Despite having been in existence for the better part of 7 years, Plague Throat’s decision to bring out an EP instead of a full-fledged album as their debut release is nothing short of strange. Add to this, the fact that 3 of the 4 tracks listed on this EP had already been released independently and were in mass circulation on the internet, makes you wonder whether the band are actually taking their underground status a bit too seriously. It does not bode well for either their fans or followers of death metal if a veteran death metal act has only 4 tracks to offer after being in the circuit for seven years.

Luckily An Exordium To Contagion does not disappoint musically and the years of hard-edged experience garnered by the band is well projected in their musical efforts. As mentioned earlier, Plague Throat’s debut release is a collection of just 4 originals and hence the entire duration of the EP spans approximately 15 minutes. But those 15 minutes are as solid, as brutal and as gut-busting as anything you might be able to get your hands on in the Indian death metal market. Indeed, the recording and mixing has been handled pretty well – and credit must also be given to The Doom Cave (operated by Srikant Panaman from Bangalore’s iconic Bevar Sea) who was responsible for the EP’s mastering. The only drawbacks here would be the over-the-top bass heavy feel to the songs, and the fact that the vocals are inaudible at times. Granted, most of the vocals are a combination of high-pitched shrieks and deep-throated growls – still, the clarity of vocals is a requirement for any good death metal track, and this is not always something that is present on the EP. Another element that most lovers of heavy metal will fail to overlook is the fact that the drumming was programmed – something that is a bit hard to understand considering that the band’s drummer Malice is considered to be a very capable musician.

The EP opens with the track ‘The Pretentious And The Deceived’ and guitarist Nangsan and bassist Iaidon both weave an intricate web of rhythmic riffs coupled with slow elements of doom. And in between the blast beats the song descends into moments of madness where breakdowns add a level of craziness to the track. It is a masterly composition and is a great EP opener.

On the second track ‘Burn’ the drumming and riffing goes on at a frenetic pace and there is no letdown for the headbanger in you. The tempo does slacken in between, but Nangsan’s guttural vocals ensnares the listener and ensures that you are trapped in the rhythm of the song. Much of the same is on offer for the third track ‘Present Chaos‘ which begins at a frenetic pace as well. There are sections in the song where the breakdowns give it a technical death feel, however the pace is soon picked up and the band thrashes away on this ditty, rendering some very in-your-face blasting moments. The riffs on this song are truly impressive and they keep on playing in your head even after the song has long stopped playing.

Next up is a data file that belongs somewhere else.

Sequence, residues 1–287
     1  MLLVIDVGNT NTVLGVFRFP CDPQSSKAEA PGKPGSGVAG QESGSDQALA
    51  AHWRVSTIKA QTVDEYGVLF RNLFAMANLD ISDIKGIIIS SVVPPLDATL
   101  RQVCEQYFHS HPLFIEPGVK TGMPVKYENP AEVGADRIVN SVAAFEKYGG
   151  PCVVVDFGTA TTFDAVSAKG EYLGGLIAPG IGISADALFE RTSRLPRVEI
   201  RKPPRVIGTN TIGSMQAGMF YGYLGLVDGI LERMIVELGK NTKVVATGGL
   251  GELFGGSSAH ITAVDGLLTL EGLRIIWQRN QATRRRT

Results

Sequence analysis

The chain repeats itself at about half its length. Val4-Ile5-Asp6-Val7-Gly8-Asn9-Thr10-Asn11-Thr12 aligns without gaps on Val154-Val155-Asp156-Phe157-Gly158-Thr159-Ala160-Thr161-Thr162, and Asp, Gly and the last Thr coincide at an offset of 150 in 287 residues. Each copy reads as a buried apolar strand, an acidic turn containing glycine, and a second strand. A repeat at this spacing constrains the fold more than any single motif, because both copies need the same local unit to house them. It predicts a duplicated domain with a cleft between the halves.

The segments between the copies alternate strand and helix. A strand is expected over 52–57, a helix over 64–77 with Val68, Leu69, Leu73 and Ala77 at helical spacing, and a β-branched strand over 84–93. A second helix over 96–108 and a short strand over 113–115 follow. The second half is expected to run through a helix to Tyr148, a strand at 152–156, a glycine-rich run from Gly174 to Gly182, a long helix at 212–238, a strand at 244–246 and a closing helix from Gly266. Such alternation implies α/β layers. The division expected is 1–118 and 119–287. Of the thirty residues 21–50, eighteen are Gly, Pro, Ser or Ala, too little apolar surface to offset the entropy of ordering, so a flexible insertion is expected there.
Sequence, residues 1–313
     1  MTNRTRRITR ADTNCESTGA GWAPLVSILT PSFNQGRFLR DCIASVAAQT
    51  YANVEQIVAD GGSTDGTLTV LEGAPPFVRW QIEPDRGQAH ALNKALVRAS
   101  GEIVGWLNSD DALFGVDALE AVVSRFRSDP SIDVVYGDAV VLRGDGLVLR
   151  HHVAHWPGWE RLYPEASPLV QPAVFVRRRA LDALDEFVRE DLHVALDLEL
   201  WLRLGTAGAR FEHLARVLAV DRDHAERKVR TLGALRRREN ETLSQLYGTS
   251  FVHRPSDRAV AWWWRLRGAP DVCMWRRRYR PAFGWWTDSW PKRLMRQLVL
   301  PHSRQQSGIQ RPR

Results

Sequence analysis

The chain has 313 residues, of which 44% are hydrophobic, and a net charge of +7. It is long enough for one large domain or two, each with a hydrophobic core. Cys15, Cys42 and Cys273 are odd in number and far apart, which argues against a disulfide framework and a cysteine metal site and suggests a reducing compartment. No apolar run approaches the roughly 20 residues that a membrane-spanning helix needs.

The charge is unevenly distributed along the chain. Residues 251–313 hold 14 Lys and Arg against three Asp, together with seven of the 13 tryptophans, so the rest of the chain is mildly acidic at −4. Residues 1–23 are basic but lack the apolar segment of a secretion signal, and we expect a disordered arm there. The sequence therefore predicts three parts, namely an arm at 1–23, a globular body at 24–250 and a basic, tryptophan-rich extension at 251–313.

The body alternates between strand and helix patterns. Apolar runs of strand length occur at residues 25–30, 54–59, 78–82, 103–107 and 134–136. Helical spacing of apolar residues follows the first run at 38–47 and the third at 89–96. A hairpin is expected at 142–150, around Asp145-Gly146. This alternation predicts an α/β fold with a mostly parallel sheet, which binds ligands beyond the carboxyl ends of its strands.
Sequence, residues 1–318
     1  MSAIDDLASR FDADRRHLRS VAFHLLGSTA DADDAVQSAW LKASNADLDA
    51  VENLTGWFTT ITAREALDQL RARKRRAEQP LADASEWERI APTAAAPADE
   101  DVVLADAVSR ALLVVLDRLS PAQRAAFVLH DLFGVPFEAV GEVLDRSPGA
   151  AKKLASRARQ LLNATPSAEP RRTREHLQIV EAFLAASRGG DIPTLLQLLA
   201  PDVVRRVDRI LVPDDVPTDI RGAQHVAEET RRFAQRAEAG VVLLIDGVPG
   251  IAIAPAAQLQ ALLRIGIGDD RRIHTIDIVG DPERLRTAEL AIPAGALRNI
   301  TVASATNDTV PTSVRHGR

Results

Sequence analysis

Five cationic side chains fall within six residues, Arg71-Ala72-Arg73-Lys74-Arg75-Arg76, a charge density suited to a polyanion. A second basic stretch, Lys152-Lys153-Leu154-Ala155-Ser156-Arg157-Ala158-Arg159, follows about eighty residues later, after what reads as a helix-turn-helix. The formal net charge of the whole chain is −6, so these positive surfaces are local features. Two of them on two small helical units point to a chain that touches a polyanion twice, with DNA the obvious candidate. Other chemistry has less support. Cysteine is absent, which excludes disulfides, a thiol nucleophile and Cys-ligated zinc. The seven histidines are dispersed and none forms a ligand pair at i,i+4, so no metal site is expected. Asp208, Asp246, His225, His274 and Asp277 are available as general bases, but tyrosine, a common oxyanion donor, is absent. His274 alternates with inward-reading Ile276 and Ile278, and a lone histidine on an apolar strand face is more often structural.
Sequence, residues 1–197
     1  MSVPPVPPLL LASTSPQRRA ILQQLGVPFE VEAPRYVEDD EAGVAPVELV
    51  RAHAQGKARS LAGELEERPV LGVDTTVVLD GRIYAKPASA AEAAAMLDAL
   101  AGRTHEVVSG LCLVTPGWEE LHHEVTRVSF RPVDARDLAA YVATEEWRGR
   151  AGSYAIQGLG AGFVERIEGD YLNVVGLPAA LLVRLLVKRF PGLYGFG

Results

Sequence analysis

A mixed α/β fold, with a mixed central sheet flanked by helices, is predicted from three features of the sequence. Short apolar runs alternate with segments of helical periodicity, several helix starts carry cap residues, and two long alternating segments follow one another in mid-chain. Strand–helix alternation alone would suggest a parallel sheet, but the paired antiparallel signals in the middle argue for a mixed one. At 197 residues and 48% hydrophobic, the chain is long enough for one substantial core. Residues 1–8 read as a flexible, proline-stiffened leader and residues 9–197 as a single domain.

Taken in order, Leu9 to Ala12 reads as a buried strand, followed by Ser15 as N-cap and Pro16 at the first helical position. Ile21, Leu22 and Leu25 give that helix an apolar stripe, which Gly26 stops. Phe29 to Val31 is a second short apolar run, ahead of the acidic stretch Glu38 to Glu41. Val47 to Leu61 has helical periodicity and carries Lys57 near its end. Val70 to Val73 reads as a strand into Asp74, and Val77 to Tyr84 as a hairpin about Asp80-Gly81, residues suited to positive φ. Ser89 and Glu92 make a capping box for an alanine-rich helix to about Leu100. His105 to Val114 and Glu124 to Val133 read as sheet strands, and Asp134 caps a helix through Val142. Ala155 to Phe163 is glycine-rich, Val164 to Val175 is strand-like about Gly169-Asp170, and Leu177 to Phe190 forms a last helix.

Plague Throat’s EP ends with the fourth track ‘Sinking Higher. This track starts at a much slower pace than the previous three and the number of variations and progressions on offer actually make you feel like the band is trying too hard to experiment with too many musical complexities, and somewhere the focus of the song is lost. Not to say that ‘Sinking Higher does not have its moments – but probably it would have been nice to have kept this composition straight and simple, much like the previous tracks.

For those who are not familiar with Plague Throat’s music, An ExordiumTo Contagion is a great introduction to the band and it makes this an EP worth listening to. The band without a doubt is a great ambassador for death metal in India – and although the EP has its technical and production flaws, yet overall the brutality and sheer ferocity of the band’s music is reflected beautifully on their debut release. However, for those already savvy to the Plague Throat sound, this 4-track compilation is nothing short of a disappointment. After being in the circuit for 7 long years and having made a name for themselves as a monster stage-act, an EP is definitely a poor return from these metallers from Meghalaya. Indeed, Plague Throat’s fans would have expected a lot more from the band.So it goes without saying that their future endeavors will be watched eagerly by both members of their existing fan-base and by connoisseurs of the death metal genre. Plague Throat is capable of delivering much more – An Exordium To Contagion is a must listen for death metal lovers and although it would have whetted the appetite of most listeners, it still leaves you with that hollow feeling in your tummy – the feeling that you want more even though you aren’t really hungry.